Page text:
Your word against mine: the power of uptake

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jats:titleAbstract</jats:title>jats:pUptake is typically understood as the hearer’s recognition of the speaker’s communicative intention. According to one theory of uptake, the hearer’s role is merely as a ratifier. The speaker, by expressing a particular communicative intention, predetermines what kind of illocutionary act she might perform. Her hearer can then render this act a success or a failure. Thus the hearer has no power over which act could be performed, but she does have some power over whether it is performed. Call this the ratification theory of uptake. Several philosophers have recently endorsed an alternative theory of uptake, according to which the hearer can determine the nature of the act the speaker performs. According to this theory, if the hearer regards an utterance as illocutionary act y, then it is act y, even if the speaker intended to perform act x. Call this the constitution theory of uptake. The purported advantage of this theory is that it identifies a common but underanalysed way in which speakers can be silenced. I argue that despite its initial intuitive pull, the constitution theory of uptake should be rejected. It is incompatible with ordinary intuitions about speech, it entails a conceptual impossibility (the unintentional exercise of normative powers), and it has unsavoury political implications, entailing that marginalised speakers barely qualify as agents.</jats:p>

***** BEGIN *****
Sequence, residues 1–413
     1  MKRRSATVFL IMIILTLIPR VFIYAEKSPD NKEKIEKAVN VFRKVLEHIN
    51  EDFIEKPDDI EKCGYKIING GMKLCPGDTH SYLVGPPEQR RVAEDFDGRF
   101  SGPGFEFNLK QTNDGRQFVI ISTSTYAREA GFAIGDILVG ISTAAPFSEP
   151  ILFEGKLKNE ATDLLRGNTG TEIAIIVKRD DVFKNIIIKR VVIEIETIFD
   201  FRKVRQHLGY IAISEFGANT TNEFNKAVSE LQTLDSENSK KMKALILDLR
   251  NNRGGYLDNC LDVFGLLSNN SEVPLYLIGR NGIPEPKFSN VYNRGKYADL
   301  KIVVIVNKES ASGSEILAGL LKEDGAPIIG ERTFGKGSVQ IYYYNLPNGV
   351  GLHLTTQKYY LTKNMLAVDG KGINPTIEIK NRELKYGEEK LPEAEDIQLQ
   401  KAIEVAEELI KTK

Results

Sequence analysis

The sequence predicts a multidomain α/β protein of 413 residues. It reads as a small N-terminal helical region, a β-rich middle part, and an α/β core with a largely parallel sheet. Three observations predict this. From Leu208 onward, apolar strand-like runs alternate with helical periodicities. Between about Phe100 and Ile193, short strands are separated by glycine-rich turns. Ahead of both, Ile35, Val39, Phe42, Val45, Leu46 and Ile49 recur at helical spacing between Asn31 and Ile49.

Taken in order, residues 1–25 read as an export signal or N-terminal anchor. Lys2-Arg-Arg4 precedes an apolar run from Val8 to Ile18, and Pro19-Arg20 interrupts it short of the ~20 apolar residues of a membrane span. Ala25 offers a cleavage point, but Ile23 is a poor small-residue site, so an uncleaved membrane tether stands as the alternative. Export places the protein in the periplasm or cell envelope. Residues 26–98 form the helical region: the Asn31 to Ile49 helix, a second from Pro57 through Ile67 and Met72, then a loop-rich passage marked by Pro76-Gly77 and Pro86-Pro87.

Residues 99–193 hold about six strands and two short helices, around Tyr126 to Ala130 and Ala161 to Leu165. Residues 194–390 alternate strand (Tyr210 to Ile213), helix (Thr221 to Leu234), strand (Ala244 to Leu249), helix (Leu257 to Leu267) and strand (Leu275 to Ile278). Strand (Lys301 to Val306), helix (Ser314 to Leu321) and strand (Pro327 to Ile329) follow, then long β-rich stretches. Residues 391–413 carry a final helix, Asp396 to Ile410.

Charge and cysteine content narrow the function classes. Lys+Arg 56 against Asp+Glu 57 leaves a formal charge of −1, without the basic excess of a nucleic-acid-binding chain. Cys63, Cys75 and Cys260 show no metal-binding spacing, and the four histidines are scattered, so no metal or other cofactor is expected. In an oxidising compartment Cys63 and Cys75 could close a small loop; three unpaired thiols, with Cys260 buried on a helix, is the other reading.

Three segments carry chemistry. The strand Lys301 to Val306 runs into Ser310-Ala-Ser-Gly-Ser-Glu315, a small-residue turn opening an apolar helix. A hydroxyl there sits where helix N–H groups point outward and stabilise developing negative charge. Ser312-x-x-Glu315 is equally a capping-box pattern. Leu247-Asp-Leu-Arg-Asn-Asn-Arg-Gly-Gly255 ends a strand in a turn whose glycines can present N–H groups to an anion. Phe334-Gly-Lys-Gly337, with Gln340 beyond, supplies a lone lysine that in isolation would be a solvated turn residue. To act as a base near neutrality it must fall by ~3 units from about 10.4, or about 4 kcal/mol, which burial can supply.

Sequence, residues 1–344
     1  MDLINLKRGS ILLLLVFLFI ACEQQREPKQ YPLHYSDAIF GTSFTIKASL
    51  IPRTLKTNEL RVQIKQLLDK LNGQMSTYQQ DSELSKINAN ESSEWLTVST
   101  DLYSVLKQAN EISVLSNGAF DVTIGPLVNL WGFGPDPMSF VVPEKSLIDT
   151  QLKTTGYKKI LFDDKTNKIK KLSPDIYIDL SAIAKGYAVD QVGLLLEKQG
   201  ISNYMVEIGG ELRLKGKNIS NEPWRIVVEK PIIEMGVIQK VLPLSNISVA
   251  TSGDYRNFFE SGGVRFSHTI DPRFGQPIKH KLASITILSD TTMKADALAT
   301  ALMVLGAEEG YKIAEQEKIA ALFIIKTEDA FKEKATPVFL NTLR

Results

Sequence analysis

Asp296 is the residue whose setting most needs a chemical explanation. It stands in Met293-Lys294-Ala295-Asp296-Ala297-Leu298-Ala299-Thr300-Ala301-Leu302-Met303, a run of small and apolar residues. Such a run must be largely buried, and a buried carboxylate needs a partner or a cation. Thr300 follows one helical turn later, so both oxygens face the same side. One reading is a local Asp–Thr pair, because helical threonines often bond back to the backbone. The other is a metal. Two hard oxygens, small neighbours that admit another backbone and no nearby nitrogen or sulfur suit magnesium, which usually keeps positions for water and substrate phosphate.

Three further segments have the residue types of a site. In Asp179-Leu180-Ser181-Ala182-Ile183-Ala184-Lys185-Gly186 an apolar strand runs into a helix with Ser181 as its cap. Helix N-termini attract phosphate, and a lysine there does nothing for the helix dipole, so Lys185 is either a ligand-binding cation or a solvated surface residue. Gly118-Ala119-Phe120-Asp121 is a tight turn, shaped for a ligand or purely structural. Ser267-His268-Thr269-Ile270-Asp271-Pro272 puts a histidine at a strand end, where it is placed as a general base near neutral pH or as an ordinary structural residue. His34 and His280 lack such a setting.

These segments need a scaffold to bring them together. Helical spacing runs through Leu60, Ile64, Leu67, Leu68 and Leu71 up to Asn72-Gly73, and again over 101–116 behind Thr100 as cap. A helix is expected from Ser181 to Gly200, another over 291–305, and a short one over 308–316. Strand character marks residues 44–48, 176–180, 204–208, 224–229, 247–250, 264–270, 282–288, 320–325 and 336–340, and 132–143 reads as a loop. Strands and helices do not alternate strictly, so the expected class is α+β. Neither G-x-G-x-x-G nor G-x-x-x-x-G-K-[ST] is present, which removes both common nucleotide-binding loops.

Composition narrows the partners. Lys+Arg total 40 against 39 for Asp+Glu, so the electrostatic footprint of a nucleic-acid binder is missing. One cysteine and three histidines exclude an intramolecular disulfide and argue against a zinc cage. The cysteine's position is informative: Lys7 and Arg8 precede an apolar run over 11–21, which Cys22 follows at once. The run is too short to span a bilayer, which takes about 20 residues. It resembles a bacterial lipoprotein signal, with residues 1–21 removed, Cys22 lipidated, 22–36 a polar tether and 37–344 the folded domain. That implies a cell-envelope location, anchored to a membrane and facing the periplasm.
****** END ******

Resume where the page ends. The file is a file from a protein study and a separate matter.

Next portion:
Funder: University of Cambridge

5003 Philosophy, 50 Philosophy and Religious Studies
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